1 Prostate-specific antigen (PSA)

A university medical center urology group (Stamey, et al., 1989) was interested in the association between a prostate-specific antigen (PSA) and a number of prognostic clinical measurements in men with advanced prostate cancer. Data were collected on 97 men who were about to undergo radical prostectomies. We will look at a subset of this dataset for this assignment; later in the semester we’ll be able to analyze the full complex dataset.

column Variable name Description
1 Identification number 1-97
2* PSA level Serum prostate-specific antigen level (mg/ml)
3* Cancer volume Estimate of prostate cancer volume (cc)
4* Weight Prostate weight (gm)
5* Age Age of patient (years)
6 Benign prostatic Amount of benign prostatic hyperplasia (cm2) hyperplasia
7 Seminal vesicle invasion Presence or absence of seminal vesicle invasion: 1 if yes; 0 if no
8 Capsular penetration Degree of capsular penetration (cm)
9 Gleason score Pathologically determined grade of disease (6,7,8), higher indicates worse prognosis

Background: Until recently, PSA was commonly recommended as a screening mechanism for detecting prostate cancer. To be an efficient screening tool it is important that we understand how PSA levels relate to factors that may determine prognosis and outcome. The PSA test measures the blood level of prostate-specific antigen, an enzyme produced by the prostate. PSA levels under 4 ng/mL (nanograms per milliliter) are generally considered normal, while levels over 4 ng/mL are considered abnormal (although in men over 65 levels up to 6.5 ng/mL may be acceptable, depending upon each laboratorys reference ranges). PSA levels between 4 and 10 ng/mL indicate a risk of prostate cancer higher than normal, but the risk does not seem to rise within this six-point range. When the PSA level is above 10 ng/mL, the association with cancer becomes stronger. However, PSA is not a perfect test. Some men with prostate cancer do not have an elevated PSA, and most men with an elevated PSA do not have prostate cancer. PSA levels can change for many reasons other than cancer. Two common causes of high PSA levels are enlargement of the prostate (benign prostatic hypertrophy (BPH)) and infection in the prostate (prostatitis).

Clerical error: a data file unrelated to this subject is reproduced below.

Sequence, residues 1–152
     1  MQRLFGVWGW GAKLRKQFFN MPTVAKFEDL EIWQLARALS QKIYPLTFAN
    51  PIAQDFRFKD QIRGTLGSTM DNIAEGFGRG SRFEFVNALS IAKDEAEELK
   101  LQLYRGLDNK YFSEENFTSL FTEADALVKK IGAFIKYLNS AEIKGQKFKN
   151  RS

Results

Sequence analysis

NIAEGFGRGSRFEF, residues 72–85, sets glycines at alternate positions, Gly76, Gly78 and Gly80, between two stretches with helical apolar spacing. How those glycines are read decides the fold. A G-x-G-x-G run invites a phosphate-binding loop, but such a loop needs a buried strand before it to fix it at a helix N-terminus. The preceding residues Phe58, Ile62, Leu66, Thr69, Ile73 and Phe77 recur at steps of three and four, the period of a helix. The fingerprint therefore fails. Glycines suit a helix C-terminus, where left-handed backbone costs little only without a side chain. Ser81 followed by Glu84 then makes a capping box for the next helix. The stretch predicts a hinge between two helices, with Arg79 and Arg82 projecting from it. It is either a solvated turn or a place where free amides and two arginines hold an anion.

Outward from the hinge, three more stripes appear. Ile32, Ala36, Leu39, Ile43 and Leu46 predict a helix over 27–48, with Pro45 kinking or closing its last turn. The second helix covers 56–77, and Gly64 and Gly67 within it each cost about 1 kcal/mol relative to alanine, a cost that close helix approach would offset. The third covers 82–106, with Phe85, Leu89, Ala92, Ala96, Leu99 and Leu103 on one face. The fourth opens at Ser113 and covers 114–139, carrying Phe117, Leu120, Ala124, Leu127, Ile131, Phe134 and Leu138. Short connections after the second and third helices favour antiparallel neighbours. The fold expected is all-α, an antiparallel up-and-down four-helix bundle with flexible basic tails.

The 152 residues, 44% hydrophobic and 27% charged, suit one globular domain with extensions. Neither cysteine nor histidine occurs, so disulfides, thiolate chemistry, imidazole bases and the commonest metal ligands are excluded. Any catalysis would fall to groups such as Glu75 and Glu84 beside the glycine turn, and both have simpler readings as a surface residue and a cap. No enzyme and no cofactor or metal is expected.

2 Rubric

A goal here is to build a multiple regression model to predict PSA level PSA from the cancer volume V, Prostate weight Wt, and Age Age. A reasonable strategy would be to:

  1. Examine the relationship between the response and the potential predictors.
  2. Decide whether any of the variables should be transformed.
  3. Perform a backward elimination using the desired response and predictors.
  4. Given the selected model, examine the residuals and check for influential cases.
  5. Repeat the process, if necessary.
  6. Interpret the model and discuss any model limitations.

2.1 (1 p) Looking at the data

Describe any patterns you see in the data. Are the ranges for each variable reasonable? Extreme/unusual observations? Strong nonlinear trends with the response suggesting a transformation?

fn.data <- "http://statacumen.com/teach/ADA2/homework/ADA2_HW_03_psa.txt"
psa <- read.table(fn.data, header=TRUE)

# remove the variables we don't want to use for this assignment
psa <- subset(psa, select = names(psa)[-c(1, 6, 7, 8, 9)])

# simplify column names
names(psa)
[1] "PSA"             "cancer_volume"   "prostate_weight" "patient_age"    
colnames(psa) <- c("PSA", "V", "Wt", "Age")

str(psa)
'data.frame':   97 obs. of  4 variables:
 $ PSA: num  0.651 0.852 0.852 0.852 1.448 ...
 $ V  : num  0.56 0.372 0.601 0.301 2.117 ...
 $ Wt : num  16 27.7 14.7 26.6 30.9 ...
 $ Age: int  50 58 74 58 62 50 64 58 47 63 ...
summary(psa)
      PSA                V                 Wt              Age       
 Min.   :  0.651   Min.   : 0.2592   Min.   : 10.70   Min.   :41.00  
 1st Qu.:  5.641   1st Qu.: 1.6653   1st Qu.: 29.37   1st Qu.:60.00